To appreciate the literary quality of a text, one must comprehend how a writer conveys meaning. The ‘how’ is often elusive for students new to the subject, as we usually read for what is being said rather than the methods a writer uses and the effects of the writer’s choices.
In my view, getting at the effects is the more useful ‘first step’. There is little merit in identifying methods such as rhyme scheme or structure (as students grasping for straws typically do) without an understanding of what these methods achieve in the first place.
Focusing on Tone
Newer learners then may find it easier, and more familiar, to examine tone – the way a character, narrator or persona says something, or the attitude or feelings implied by the words and sentences used.
The hell I will! You see, George didn’t have much . . . push . . . he wasn’t particularly aggressive. In fact he was sort of a …[spits the word at GEORGE’s back] …a FLOP! A great …big …fat …FLOP!
In the example from Who’s Afraid of Virginia Woolf? above, we note that the protagonist Martha perceives her husband George as a failure, or in her words, a ‘great… big… fat… FLOP!’. Reading this literally, we would take Martha’s words as the truth, and explain how George is indeed a failure.
The literary reading of this is more concerned about Martha’s hostile tone towards George. Her choice of words (i.e. diction), starting with the word ‘hell’ and ending on the repeated ‘FLOP’, conveys a viciousness that is also supported by her actions – she ‘spits the word at George’s back’. Her exclamatory sentences (i.e. syntax) also express anger.
While her words literally describe her perception of George, her tone tells us more about her as a disgruntled housewife.
Tone and Meaning
The importance of tone is obvious in how the opening line of Albert Camus’ L’Etranger (The Stranger) has been translated… or mistranslated, as Ryan Bloom writes in New Yorker. The French novel tells the story of Meursault, a French Algerian who is an ‘outsider’ to society, and is put on trial for murdering another man.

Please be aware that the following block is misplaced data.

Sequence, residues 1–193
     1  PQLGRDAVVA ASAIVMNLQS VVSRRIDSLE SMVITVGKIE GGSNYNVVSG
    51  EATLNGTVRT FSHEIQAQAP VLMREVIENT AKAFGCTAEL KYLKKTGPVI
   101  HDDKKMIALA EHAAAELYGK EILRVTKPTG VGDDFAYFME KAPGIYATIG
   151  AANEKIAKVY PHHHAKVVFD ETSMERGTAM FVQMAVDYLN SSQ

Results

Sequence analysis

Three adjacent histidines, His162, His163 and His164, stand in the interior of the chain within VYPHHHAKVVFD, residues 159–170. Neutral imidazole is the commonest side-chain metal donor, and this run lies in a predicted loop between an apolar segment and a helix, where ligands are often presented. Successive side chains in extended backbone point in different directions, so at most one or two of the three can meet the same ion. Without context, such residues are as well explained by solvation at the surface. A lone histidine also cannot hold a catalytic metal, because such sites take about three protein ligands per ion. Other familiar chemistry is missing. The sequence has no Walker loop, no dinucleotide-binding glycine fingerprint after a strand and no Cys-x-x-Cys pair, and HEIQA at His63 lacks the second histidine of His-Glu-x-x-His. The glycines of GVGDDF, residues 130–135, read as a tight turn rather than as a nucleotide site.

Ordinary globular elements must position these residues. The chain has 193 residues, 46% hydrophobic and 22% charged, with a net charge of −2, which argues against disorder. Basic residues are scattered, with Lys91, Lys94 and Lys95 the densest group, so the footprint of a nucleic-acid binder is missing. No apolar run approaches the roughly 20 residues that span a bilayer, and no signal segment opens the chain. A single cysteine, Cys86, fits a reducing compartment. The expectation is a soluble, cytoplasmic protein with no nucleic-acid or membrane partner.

The first sentence matters, Bloom argues, because it colours the reader’s impression of Meursault. Is he guilty? Was there a cause to his actions? Was he a ‘good person’? The 1946 translation of the novel opens with:
Mother died today.
It is a simple sentence, one of ‘detached formality’. The word ‘Mother’ is functional. As said by Meursault, it contains ‘little warmth, little bond or closeness or love’. Bloom goes on to argue that the reader’s view of him is determined through his relationship with his mother. We ‘condemn or set him free based not on the crime he commits but on our assessment of him as a person’. Seeing Meursault as a distant, uncaring son, the reader is likely to judge him harshly.
This is the translation Bloom proposes should take its place:
Today, maman died.
The syntax – the order of words – here is truer to the original (‘Aujourd’hui, maman 1st more’). ‘Today’ is now placed at the start because it is ‘the single most important factor’ of Meursault’s life. It is a day of loss.
Applying our own analysis skills, the comma – part of grammatical convention – also forces us to slow down as we read the sentence. It introduces a gravity, a sense of mourning that is missing from the simple, quickly-read ‘Mother died today’.
The French word ‘maman‘, according to Bloom, is close to the word ‘mom’ in English. It lies somewhere in between the coldness of ‘mother’ and the overly childlike ‘mommy’. The word itself is rather neutral, but the pronunciation of its two syllables has ‘a touch of softness and warmth’ that is not present in ‘Mother’ or ‘mom’.
In this translation, his mother’s death hangs over Mersault, and the reader is more likely to sympathise with him.
Tone matters. How you say something, and not just what you say, matters more than you think.